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Health News for 01/26/11

January 26, 2011

Fear of Vaccines Has a Long, Persistent History

As long as vaccinations against disease have been around, there have been die-hard opponents convinced that these shots do more harm than good.
Health Tip: Body Piercing Poses Health Risks

Body piercings are increasingly popular, but they also come with potential health risks.
Health Tip: What May Cause a Stress Fracture

A stress fracture often occurs from a sudden increase in activity.
Rise in Some Head and Neck Cancers Tied to Oral Sex: Study

There's a worrisome uptick in the incidence of certain head and neck cancers among middle-aged and even younger Americans, and some experts link the trend to a rise in the popularity of oral sex over the past few decades.
If NFL Linemen Can Bounce Back from Back Surgery, So Can You

The fact that NFL linemen can recover from back surgery and resume their playing careers proves that average people can be active after they have an operation for a herniated disc, say U.S. researchers.
More Screenings May Explain Higher Chlamydia Rates Among Minorities

Screening rates for the sexually transmitted disease chlamydia are significantly higher in the United States among young black and Hispanic women than among young white women, which might explain why black and Hispanic women have higher reported rates of the disease, a new study suggests.
Survey Shows Fewer Hispanic Seniors Getting Flu Shots

Hispanic seniors in the United States are less likely than their white counterparts to be vaccinated against flu and pneumonia, a new study has found.
Orangutan Genomes Reveal Some Surprises

Orangutans have more diverse DNA than humans and it has remained relatively stable over 15 million years, say researchers who sequenced the genomes of six Sumatran and five Bornean orangutans.
Fear of Scary Things May Be Learned

Children are not born with a dread of snakes or spiders but learn these fears very quickly, a new study suggests.
FDA Panel Recommends Tougher Standards for External Defibrillators

Following a series of recalls of external defibrillators, a U.S. Food and Drug Administration panel of experts recommended Tuesday that the devices be held to stricter standards.
HIV+ Liver Cancer Patients Less Likely to Get Transplant

HIV-infected patients with liver cancer who are waiting for a liver transplant are more likely to drop off the transplant waiting list than other patients, a new study has found.
Spotting Gene Variants May Boost Hepatitis C Treatment

Scientists have pinpointed two gene variants that protect hepatitis C patients from anemia caused by antiviral treatment.
Loud Road Noise Linked to Stroke in Older Adults

Prolonged exposure to loud traffic noise is strongly associated with stroke in people aged 65 and older, a new Danish study finds.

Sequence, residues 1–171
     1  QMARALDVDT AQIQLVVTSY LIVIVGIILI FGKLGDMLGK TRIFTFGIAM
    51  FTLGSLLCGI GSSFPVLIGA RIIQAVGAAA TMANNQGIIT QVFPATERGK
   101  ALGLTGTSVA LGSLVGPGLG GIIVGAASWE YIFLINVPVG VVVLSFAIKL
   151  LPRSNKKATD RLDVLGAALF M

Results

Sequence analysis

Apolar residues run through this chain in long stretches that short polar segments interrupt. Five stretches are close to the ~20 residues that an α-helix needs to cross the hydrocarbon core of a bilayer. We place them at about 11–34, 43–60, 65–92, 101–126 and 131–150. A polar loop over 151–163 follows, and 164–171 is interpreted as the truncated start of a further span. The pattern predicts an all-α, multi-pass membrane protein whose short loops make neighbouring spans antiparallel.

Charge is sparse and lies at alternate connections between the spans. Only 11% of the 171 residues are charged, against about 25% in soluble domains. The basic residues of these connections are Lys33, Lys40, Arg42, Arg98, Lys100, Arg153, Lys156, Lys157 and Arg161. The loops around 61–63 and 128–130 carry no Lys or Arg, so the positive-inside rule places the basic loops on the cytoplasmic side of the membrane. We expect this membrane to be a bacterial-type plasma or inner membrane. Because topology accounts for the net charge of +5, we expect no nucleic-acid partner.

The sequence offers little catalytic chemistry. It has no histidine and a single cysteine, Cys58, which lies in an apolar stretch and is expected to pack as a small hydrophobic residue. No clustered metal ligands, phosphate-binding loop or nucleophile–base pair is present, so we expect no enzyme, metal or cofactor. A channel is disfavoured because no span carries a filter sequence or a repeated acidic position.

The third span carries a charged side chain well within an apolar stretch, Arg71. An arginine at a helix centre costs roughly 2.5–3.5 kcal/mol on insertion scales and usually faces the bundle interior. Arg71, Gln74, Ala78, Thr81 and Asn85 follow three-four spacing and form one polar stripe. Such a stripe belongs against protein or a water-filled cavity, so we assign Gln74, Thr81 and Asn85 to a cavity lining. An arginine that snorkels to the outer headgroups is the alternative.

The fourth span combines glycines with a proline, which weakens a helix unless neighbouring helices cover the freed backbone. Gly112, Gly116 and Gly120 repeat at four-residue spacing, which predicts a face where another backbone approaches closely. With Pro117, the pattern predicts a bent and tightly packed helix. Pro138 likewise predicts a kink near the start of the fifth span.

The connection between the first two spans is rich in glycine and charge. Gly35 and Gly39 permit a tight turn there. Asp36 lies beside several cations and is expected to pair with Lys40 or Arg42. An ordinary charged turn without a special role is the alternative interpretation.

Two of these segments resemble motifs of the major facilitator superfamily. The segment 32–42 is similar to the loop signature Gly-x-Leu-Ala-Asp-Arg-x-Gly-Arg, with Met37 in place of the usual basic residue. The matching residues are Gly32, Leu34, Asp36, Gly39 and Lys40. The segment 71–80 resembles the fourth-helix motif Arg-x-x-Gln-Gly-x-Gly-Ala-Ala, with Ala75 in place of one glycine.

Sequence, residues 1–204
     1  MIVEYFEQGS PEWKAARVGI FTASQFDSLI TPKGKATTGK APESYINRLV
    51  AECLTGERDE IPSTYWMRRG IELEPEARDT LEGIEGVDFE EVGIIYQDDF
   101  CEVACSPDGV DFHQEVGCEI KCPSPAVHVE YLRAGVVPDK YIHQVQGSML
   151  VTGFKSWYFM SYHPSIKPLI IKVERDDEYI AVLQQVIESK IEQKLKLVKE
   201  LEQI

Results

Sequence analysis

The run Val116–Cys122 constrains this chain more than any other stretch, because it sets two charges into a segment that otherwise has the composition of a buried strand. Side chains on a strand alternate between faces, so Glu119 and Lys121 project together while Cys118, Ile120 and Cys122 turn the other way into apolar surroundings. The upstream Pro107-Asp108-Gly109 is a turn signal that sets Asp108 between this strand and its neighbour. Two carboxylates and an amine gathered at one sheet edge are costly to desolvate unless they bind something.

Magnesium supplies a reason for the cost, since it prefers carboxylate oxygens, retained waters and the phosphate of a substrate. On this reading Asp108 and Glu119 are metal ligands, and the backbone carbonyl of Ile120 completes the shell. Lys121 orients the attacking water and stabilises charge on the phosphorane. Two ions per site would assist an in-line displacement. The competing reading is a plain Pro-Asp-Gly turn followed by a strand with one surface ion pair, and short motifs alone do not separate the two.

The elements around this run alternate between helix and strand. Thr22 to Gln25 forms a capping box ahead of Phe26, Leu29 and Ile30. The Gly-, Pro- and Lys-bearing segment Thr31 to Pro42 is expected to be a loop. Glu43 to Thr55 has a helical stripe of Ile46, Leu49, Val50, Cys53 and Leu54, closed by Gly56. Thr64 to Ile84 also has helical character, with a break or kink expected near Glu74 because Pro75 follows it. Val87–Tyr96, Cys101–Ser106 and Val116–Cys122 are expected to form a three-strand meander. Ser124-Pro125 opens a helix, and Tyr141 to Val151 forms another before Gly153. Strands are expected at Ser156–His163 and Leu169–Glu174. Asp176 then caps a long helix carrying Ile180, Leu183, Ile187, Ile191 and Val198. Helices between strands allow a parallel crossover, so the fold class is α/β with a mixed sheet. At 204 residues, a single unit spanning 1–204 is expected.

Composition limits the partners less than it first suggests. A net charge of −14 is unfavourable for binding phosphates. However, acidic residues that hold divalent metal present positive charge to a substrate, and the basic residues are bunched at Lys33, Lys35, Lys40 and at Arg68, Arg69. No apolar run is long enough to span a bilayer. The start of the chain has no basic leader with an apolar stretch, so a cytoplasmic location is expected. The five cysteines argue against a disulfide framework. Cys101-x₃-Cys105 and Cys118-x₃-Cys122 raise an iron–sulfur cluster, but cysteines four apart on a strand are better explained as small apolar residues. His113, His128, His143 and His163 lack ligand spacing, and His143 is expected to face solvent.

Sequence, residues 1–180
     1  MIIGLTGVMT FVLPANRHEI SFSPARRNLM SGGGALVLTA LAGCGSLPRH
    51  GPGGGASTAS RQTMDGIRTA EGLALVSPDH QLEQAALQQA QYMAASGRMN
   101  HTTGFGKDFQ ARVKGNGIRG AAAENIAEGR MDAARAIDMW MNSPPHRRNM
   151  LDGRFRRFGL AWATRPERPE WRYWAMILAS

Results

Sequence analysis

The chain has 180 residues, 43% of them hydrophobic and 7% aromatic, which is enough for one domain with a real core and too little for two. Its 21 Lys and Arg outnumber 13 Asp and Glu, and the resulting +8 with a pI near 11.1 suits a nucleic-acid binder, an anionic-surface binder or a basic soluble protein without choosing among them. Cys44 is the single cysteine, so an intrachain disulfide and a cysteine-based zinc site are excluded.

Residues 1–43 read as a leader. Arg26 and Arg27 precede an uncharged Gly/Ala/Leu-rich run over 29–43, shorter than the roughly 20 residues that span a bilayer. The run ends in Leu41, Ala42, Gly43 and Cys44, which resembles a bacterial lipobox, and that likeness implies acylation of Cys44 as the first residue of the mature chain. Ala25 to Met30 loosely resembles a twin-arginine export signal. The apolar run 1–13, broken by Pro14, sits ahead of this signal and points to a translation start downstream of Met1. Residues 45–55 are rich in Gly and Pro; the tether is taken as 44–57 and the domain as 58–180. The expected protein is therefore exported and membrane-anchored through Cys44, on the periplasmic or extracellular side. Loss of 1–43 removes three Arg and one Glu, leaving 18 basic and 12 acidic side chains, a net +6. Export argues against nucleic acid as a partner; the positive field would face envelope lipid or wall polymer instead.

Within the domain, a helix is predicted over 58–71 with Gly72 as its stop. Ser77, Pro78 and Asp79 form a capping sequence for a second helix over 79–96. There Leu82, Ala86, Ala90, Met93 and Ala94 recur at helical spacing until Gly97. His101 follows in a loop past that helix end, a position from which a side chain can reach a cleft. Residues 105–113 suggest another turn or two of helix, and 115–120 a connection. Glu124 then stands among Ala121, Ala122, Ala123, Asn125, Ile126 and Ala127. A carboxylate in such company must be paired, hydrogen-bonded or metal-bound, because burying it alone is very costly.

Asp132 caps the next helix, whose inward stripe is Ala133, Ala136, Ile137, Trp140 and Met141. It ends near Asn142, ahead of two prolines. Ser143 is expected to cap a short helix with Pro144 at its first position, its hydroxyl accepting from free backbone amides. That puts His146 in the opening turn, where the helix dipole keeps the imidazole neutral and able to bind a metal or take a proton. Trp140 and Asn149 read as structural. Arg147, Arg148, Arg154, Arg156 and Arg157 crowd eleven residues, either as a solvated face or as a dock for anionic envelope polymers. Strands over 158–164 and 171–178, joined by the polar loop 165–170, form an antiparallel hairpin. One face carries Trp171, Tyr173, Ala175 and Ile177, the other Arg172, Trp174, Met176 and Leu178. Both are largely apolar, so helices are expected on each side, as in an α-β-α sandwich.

Rep. Giffords Moved to Rehab Facility

Arizona Congresswoman Gabrielle Giffords was moved to a rehabilitation center in Houston Wednesday morning after her doctors upgraded her condition to good from serious Tuesday night, another step in her remarkable recovery from a gunshot wound to the brain.
Health Highlights: Jan. 26, 2011

Here are some of the latest health and medical news developments, compiled by the editors of HealthDay:
Widespread Use of Defibrillators in Public Places Saves Lives: Study

The odds of surviving cardiac arrest are greater if it is caused by a "shockable" arrhythmia and if bystanders can give CPR and a shock from a nearby automated external defibrillator (AED), a new study finds.
Clinical Trials Update: Jan. 26, 2011

Here are the latest clinical trials, courtesy of ClinicalConnection.com:
105 Million in U.S. Have Diabetes or Prediabetes, CDC Says

Diabetes now affects nearly 26 million Americans of all ages and 79 million people have what doctors call "prediabetes," according to 2011 estimates released Wednesday by the U.S. Centers for Disease Control and Prevention.
Stroke Drug May Prevent Dialysis Catheter Infections

Replacing the commonly used blood-thinner heparin with a clot-dissolving stroke drug in dialysis catheters once a week may reduce the incidence of catheter malfunctions and infections, according to new research.
High Rates of Early Elective Delivery at Some U.S. Hospitals: Report

Five to 40 percent or more of births in the United States are induced early without any good medical reason, according to a new hospital-by-hospital report.
Abortion Typically Doesn't Harm Mental Health: Study

Women who undergo an abortion don't seem to face a greatly increased risk of mental health problems after having the procedure, a new study suggests.
FDA Says Breast Implants Linked to Rare Cancer

The U.S. Food and Drug Administration said on Wednesday that breast implants may be linked to a heightened risk for a rare cancer, as evidenced in a small but growing number of cases that have been reported in recent years.

 

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